Not all credit cards were created for the purpose of individual customer purchases. While primarily a consumer-oriented product, the advantages of using credit cards for business soon emerged to the point where a whole new market was created in which the card associations like Visa and MasterCard saw the potential of developing a line of business credit cards.
There are some distinct differences between consumer credit cards and business credit cards that are important to know before you apply for one:
Impact on Credit History
Business credit cards obviously impact your business credit but they can affect your personal credit, as well. Since you, as the business owner, are most likely the signer on the business credit card account, you are essentially signing a personal guarantee that you will cover the debt you created with that card. Small business credit card issuers tend to report your usage and payment behavior to both the consumer and the commercial credit bureaus.
Business credit cards offer different types of rewards that are directed toward enticing the business to believe they can save on many of the products and services that are business-related. While most businesses are gaining a great savings on supplies that are needed in the business, the deeper discounts are offered on credit cards used for bulk supply purchasing. These discounts might include discounts on office supplies, Wi-Fi service, and phone bills as well as various types of services. There’s also the promise of travel-related awards that can be earned and then turned into a great vacation.
Limits, Rates, and Fees
While consumer credit cards have some protection from interest rate increases, including receiving a notice in advance of any increase, business credit card holders don’t get that same treatment. A business credit card issuer can raise the annual percentage rate (APR) any time they want.
When it comes to the percentages charged for the late fees, there is no limit for the interest that can be charge to a business credit card. They are basically unlimited, so the expense of this type of credit card can add up quickly.
On the plus side, you will most likely get a higher credit limit than you would on a personal credit card because issuers recognize that expenditures and types of purchases tend to be a higher dollar amount with a business credit card than for a consumer.
Payment Window and Terms
Business credit cared holders often have a smaller window of time to pay their bill and may not show the same due date from month to month. This means there is a need to pay more attention to the bill when it comes and staying on top of payments. This would be a time when it helps to receive your statement online so you get a notification in your inbox that the bill is there and ready to be paid.
Payments tend to be applied differently by the issuer of a business credit card with the amount that is applied to the lowest interest rate balance while the higher priced portion collects even more finance charges. That’s why carrying a balance on a business credit card is an expensive proposition.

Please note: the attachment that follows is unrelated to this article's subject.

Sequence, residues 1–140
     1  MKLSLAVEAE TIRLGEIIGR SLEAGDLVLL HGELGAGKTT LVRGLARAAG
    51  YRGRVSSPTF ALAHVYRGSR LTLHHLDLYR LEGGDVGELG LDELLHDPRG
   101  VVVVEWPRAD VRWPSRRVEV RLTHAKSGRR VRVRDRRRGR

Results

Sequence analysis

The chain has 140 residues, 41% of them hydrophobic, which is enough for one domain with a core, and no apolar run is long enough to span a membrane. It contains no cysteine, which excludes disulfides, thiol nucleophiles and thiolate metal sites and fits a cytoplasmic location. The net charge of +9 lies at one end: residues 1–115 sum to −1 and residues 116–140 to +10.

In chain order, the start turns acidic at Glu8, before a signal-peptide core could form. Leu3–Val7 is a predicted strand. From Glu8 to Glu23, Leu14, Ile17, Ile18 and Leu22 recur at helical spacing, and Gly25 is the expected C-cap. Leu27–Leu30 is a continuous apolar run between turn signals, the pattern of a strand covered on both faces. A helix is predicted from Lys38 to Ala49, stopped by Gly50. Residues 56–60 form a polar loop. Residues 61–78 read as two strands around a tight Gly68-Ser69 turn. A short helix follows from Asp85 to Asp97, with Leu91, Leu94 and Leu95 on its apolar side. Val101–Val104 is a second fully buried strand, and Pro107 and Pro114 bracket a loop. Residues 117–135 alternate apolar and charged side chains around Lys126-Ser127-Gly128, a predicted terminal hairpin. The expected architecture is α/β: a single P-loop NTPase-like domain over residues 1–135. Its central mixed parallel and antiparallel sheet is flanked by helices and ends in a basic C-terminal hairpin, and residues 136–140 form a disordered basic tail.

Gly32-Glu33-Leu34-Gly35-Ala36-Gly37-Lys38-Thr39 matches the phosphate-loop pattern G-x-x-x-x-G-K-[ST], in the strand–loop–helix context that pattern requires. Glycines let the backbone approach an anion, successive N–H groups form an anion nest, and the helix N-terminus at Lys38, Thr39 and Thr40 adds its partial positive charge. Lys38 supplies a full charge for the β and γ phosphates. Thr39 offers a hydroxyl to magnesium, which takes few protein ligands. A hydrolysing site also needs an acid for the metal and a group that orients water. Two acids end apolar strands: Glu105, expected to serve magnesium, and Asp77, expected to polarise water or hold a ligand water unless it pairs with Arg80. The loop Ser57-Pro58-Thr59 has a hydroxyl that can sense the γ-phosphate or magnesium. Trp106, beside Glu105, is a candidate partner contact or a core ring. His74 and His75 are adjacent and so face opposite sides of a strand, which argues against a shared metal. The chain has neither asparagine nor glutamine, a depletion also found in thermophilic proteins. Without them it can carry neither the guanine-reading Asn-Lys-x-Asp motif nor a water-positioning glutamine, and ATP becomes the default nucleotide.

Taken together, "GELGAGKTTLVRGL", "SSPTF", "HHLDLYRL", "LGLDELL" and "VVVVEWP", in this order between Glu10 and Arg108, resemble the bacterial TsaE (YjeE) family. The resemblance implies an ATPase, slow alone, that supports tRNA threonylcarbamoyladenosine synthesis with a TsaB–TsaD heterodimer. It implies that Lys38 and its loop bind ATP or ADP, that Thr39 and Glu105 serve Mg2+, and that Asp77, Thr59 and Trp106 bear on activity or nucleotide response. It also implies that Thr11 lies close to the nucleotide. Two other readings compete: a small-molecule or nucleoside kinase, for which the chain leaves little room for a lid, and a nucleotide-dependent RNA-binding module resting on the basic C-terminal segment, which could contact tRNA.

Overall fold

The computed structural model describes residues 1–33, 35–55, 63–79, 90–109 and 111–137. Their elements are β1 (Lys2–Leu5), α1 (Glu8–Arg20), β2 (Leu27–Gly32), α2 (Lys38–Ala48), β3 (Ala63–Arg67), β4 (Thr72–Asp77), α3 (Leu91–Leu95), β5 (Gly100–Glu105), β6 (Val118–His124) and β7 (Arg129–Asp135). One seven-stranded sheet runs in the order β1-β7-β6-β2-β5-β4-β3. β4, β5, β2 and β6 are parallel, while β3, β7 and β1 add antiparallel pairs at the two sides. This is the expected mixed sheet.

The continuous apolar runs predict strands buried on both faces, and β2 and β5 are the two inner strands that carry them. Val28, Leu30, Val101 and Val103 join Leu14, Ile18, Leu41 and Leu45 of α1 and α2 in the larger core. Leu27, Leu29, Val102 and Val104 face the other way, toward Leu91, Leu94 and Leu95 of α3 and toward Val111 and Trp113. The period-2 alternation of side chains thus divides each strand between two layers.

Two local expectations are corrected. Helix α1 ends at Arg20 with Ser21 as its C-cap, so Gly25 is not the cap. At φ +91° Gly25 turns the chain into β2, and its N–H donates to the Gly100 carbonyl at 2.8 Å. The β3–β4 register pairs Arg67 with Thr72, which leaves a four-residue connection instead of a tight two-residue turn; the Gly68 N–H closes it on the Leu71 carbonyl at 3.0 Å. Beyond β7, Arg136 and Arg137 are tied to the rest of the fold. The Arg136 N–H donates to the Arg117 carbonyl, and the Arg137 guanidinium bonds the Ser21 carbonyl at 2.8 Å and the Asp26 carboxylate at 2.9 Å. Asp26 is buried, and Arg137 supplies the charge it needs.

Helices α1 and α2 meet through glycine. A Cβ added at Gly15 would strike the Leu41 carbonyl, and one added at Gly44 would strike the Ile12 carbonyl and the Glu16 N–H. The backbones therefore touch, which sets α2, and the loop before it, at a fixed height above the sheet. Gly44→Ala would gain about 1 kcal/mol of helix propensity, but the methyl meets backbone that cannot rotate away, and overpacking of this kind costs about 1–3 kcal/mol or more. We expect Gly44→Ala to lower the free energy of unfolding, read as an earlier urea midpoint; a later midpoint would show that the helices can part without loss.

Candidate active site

Accounting Purposes and Expense Management
Since business credit card issuers realize that you are using the card for business expenses, they often provide a helpful feature in the form of an accounting report typically at the end of the year. In this report the issuer will break down your business credit card expenditures for the year by category to help you quickly tabulate those write-offs you need for tax purposes. For your business, it can also be useful to see where all your money has been consumed so you can track how well you have stuck to your business budget.
Reasons to Get a Business Credit Card
Business credit cards are a good choice for anyone trying to establish their business credit in the first place, or for someone looking for a higher credit limit to cover business expenses and get by when cash flow is lower. Depending on the type of business structure you have, it may be better to get a business card, especially if you are incorporated. Additionally, it is a faster and more convenient way to get some type of credit. However, as a sole proprietor, you may want to stick with a consumer credit card for the time being to avoid some of the fees and rate hikes placed on a business credit card.
Sometimes the CEO, CFO, or the CMO will have their name be the name on the business credit card so that it will appear as a personal card.
Be sure to weigh all the differences before you make a decision on which type of credit card to get. Most importantly, make sure you are fiscally knowledgeable and responsible to have a credit card so you don't adversely impact the reputation of your business.
BluePay is pleased to bring you this valuable information from our partner, Due, makers of a free digital wallet that allows users to easily make and accept payments online.